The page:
Yesterday’s post was about the ancient Greek myth of how mint came into being. In the gardens and glades of the real world, there are all sorts of mints. This genus of asterid herbs is known as “Mentha” (linguists believe the name came into Greek from an extinct pre-literate Indo-European tongue). There is peppermint, catnip, and apple mint. There are spearmints, different pennyroyals, horse mint, and even something ominously called gray mint. However botanists cannot agree on how many species of mints there actually are. The different varieties hybridize so frequently (and produce such fecund offspring), that it is unclear where the species lines are.
Mints live around the world in temperate regions across Europe, Africa, Asia, Australia, and North America. They can reproduce asexually or through aggressive fast-growing runners. Mint flowers are white and purple “false” whorls. Every gardener is aware that mint can swiftly spread from a little pot into a nightmarish tangle of junglelike weeds. The plant is aggressive and invasive and perennial. Humankind’s ancient fondness for different mints also have further ensured that it is distributed everywhere.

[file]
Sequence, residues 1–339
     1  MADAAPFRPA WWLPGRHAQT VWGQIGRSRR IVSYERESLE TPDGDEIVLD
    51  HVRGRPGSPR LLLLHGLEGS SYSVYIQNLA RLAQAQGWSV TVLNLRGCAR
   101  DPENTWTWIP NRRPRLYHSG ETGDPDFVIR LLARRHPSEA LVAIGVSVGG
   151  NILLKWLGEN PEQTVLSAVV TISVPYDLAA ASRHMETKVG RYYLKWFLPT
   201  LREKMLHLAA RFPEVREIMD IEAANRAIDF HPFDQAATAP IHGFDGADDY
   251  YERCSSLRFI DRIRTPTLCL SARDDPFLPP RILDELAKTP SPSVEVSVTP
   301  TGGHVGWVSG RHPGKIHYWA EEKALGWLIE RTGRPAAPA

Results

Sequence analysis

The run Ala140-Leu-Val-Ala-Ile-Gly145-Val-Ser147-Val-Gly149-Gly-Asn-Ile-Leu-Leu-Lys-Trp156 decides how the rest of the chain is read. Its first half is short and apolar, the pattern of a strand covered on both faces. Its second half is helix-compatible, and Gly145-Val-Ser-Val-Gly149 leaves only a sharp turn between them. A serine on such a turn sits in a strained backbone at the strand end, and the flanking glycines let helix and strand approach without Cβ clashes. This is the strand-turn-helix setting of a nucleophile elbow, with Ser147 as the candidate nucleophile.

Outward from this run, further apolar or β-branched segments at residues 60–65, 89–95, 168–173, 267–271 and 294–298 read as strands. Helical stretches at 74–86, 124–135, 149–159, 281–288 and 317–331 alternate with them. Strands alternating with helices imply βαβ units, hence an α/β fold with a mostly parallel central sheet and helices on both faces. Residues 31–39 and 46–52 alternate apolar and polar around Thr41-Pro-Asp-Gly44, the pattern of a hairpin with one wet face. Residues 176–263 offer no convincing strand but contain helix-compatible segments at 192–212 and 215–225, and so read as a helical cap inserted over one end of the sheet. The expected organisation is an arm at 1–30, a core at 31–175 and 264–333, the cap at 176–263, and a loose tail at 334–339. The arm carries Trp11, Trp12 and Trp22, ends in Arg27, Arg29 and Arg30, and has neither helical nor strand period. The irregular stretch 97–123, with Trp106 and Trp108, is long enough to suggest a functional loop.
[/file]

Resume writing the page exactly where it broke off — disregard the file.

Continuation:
Peppermint get its peppery flavor from menthol. The spiciness of pennyroyal comes from a compound called pulegone, and spearmints get their flavor from a turpenoid known as L–carvone (which is why spearmint oils can be used as solvents). These compounds are non-toxic to humans (although there are people who are allergic to mint) but they tend to powerfully effect insects. Mints can be effective insect repellants or even downright insecticidal.
I said that mint is non-toxic to people (in reasonable amounts) but that doesn’t mean the herb is not psychoactive. Increasingly it seems likely that mints are effective anti-nauseants and they might also contain potent stimulants. I hedged that sentence somewhat: despite humankind’s long love affair with this ancient herb, it has not been fully studied by science. Maybe there is a reason mint tea and candy is so popular!